President Ezra Taft Benson:
"Someday we will all speak a common tongue ..."
"Iutage ni ĉiuj parolos komunan lingvon ..."
Say it in Esperanto !
from the Church Magazine: The New Era
Wouldn’t it be nice if there were a way to speak to people in other countries without having to learn dozens of languages? Many people have thought so and have learned an international language called Esperanto. Click here to watch "Esperanto Estas", a video introduction of Esperanto, the International Language.
The language, created by a Polish physician in 1887, uses just 16 grammar rules with no exceptions. Spelling is simplified, and pronunciation has assigned each letter only one sound. Esperanto is a language introduced in 1887 by Dr. L.L. Zamenhof after years of development. He proposed Esperanto as a second language that would allow people who speak different native languages to communicate, yet at the same time retain their own languages and cultural identities. Esperanto
doesn't replace anyone's language but simply serves as a common second
language. Esperanto can be learned easier than any other language. (Some say four times easier). Esperanto is politically unbiased. These days Esperanto has a strong presence on the Internet with audio-visual programs as well as an impressive participation with Wikipedia in Esperanto.
The Book of Mormon has completely been translated in Esperanto, and is available at the Church History Library, highlights of which have been published in several online formats as "Selections of The Book of Mormon". In Esperanto, the scripture in 2 Nephi 2:25 would read: “Adam falis, tial ke la homo ekzistu; la homo ekzistas tial ke li havu gojon.” Also read an interesting article: "The First Printing of The Book of Mormon in Esperanto" by Andrew Barney.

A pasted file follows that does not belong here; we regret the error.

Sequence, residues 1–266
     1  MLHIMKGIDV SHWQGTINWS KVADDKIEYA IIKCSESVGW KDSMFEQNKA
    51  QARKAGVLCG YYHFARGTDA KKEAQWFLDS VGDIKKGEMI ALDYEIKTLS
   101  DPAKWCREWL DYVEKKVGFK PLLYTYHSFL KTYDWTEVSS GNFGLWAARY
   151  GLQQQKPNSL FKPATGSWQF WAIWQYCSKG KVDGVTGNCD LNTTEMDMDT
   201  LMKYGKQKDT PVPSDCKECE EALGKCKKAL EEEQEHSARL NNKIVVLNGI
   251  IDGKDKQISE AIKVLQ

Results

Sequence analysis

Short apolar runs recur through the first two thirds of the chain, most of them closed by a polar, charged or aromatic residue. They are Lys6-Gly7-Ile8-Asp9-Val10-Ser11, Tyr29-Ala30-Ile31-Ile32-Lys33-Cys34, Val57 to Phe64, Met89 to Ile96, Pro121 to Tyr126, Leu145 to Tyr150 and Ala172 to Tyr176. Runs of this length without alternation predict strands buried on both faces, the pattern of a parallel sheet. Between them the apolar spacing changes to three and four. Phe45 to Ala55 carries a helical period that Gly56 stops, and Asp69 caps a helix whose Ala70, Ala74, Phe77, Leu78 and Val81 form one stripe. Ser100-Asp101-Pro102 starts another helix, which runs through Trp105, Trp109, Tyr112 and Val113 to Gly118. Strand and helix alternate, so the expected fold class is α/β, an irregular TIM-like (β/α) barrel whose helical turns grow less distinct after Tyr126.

Man's Search for Happiness - in Esperanto and in many other languages - is a 13-minute film produced by The Church of Jesus Christ of Latter-day Saints. It explains the role of the Plan of Salvation in our lives. This film was produced by the BYU Motion Picture Studio for the Mormon Pavilion at the 1964 World's Fair in New York, and was viewed by over five million people, many of whom were not LDS. It was later remade in Japanese for Expo '70 in Japan, and again in 1987 in English.
The Harold B. Lee Library at the Brigham Young University in Provo, Utah, offers - free of charge - the online version of "The American Esperanto Book" for those who would like to learn Esperanto. Years ago the Brigham Young University also researched scholarship opportunities for Esperanto students. Join us at PEM-Facebook to stay informed of the latest news, and to meet other LDS Esperantists !